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Incredible Bionic Chihuahua Could Help Injured Veterans

Incredible Bionic Chihuahua Could Help Injured Veterans

An Alberquerque chihuahua named Peggy and nicknamed “Peg Leg” because she was born without one back foot will soon have four feet to run on. Peggy has been accepted into a research program at North Carolina State University, which is the “only university in the world that can manufacture custom prosthetics for veterinary patients in house” thanks to  veterinarians and engineers teaming up.

The prosthesis will be about the size of a human finger. With it, Peggy will become the smallest animal in the U.S. with such a device. According to KOAT news, she will ultimately have a full bionic paw that will be connected via electrodes to her nerves, to enable her to run and scratch. Researchers have taken models of Peggy’s leg and sent these to France and Germany, where her bionic paw will be made.

Mary Jewell of Enchantment Chihuahua Rescue sounds a hopeful note about what the bionic paw will mean to Peggy, saying that “Enthusiasm-wise it’s running very high because we like to see Peggy running across the grass with four paws instead of three.”

The tiny prosthesis being made for Peggy could be helpful in developing artificial limbs for veterans, Jewell also observes: “Into the future this [bionic prosthesis like Peggy's] can transfer into human beings getting really sensitive feelings in their fingers, which of course will help our veterans.”

As Time magazine has noted, veterinary surgeons’ innovations in creating working feet, legs and tails for animals can “help the medical community work similar magic on humans.” Hanger Orthopedic Group in Bethesda, Maryland, used a sticky, gel-like material to help hold a prosthetic tail in place for Winter, a dolphin who had lost her tail from a crab trap. The Hanger researchers found that the gel provided just enough lubrication to protect against infection and recommended it to a soldier who had lost his legs and had recurrent infections. These cleared up and he was able to use his prostheses again.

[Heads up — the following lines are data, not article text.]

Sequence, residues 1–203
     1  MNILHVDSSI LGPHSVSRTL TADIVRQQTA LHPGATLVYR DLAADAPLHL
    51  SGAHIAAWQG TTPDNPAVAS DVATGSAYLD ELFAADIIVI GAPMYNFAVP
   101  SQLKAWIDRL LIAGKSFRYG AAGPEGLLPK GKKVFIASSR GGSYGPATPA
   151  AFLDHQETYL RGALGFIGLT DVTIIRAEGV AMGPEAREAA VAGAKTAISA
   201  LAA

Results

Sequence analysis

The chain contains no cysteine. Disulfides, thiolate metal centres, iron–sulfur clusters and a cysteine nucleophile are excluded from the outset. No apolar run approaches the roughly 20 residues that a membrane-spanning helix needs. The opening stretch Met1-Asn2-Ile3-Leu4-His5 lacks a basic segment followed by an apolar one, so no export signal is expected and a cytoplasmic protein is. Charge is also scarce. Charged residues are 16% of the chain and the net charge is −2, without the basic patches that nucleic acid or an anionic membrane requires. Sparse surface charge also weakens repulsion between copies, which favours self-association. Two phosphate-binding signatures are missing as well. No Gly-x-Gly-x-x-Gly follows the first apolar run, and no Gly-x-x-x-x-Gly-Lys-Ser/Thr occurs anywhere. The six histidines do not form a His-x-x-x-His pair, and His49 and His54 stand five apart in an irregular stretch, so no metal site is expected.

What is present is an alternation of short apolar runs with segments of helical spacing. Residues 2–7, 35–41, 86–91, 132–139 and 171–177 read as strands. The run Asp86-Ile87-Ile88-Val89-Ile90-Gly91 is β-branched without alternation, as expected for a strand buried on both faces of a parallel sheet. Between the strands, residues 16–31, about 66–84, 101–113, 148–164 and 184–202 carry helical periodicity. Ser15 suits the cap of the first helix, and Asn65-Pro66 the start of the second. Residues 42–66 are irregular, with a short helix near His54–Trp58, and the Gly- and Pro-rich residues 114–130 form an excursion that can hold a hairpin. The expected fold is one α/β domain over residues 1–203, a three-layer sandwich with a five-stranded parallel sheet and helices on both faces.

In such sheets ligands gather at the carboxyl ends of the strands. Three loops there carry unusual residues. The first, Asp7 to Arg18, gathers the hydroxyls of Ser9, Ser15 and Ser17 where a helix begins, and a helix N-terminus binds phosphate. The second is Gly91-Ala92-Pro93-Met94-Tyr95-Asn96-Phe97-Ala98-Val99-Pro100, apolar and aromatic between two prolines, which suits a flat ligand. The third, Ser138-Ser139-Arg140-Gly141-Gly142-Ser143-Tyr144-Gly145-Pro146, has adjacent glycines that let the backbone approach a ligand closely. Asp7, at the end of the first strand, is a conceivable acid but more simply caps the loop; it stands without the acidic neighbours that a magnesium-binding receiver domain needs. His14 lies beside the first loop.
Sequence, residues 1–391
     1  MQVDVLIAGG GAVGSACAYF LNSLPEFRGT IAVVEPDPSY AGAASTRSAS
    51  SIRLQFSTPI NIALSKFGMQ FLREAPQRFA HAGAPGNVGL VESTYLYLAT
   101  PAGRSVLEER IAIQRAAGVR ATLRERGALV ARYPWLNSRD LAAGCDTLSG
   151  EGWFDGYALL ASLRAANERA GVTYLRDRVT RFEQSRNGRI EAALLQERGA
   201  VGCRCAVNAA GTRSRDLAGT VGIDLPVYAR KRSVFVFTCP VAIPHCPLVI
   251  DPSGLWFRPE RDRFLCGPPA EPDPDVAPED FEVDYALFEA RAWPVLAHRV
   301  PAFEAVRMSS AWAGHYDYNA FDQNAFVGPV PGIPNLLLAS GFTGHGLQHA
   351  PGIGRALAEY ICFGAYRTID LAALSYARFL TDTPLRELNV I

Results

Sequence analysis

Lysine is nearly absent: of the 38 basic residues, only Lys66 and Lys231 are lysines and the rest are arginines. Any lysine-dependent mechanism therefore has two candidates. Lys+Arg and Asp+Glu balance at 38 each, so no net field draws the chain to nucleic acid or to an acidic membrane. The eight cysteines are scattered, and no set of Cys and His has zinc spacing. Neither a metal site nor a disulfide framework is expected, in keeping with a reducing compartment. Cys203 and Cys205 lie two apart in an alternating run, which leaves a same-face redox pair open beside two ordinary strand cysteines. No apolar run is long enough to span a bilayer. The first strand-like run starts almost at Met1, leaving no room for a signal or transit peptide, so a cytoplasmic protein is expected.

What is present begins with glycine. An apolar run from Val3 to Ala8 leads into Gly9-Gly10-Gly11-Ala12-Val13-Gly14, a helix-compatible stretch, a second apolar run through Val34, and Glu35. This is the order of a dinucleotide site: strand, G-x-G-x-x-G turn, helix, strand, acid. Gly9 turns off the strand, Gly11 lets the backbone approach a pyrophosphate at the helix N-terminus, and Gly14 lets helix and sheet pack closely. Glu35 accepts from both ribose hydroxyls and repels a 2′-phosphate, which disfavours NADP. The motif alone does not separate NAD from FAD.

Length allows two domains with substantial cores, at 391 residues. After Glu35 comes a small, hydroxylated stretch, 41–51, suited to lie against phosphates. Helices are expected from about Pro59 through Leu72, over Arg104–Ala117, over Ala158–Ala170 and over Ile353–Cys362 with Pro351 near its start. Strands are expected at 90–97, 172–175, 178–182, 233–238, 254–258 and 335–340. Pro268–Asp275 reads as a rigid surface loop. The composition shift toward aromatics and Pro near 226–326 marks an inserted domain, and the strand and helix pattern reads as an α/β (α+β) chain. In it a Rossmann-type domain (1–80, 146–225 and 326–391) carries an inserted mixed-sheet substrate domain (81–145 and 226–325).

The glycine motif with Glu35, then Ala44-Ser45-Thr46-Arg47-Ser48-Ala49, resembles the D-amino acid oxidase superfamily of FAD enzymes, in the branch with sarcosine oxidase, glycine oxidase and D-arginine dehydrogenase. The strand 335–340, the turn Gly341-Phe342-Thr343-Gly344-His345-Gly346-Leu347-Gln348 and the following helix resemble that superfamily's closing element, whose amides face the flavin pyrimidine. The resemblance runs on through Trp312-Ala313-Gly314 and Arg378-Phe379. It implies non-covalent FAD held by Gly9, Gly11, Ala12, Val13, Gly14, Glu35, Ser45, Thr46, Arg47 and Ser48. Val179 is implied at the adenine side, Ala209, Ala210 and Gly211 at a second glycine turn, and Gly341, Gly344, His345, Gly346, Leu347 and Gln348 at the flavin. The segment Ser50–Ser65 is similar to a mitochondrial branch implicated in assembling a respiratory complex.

North Carolina State University’s College of Veterinary Medicine is also conducting a number of clinical investigations with the aim of improving animal health in cardiology, cancer, skin diseases, pain management and other areas.

Enchantment Chihuahua Rescue is updating Peggy’s situation as she waits to get her new paw. She does have to wait longer than anticipated (till next year) to get it but once she does, the places she will go, on her own four feet!

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5:31AM PST on Dec 28, 2012


5:17AM PST on Dec 26, 2012

great news, thanks for sharing :)

7:28PM PST on Dec 19, 2012

Godspeed Penny!

2:10PM PST on Dec 17, 2012

Good for her!

1:37PM PST on Dec 16, 2012


1:50PM PST on Dec 15, 2012

A wee medal due here!

12:52PM PST on Dec 15, 2012

Thank you.

9:47AM PST on Dec 15, 2012

That's so cool! Good luck Peggy!

11:42PM PST on Dec 14, 2012

This is great, it is like taking lemons and making lemonade! It is sad that Peggy was born deformed, but now it is a blessing! Yay! And horray for the scientists for not taking a healthy animal and chopping off a limb for the experiment! I hope this works out!!

11:11PM PST on Dec 14, 2012

It is very soothing to hear at least one University in US is helping the helpless animals!!! Rather than brutalizing, abusing them while doing experiments and research on their tiny bodies. Long live the North Carolina animal prosthesis research unit.

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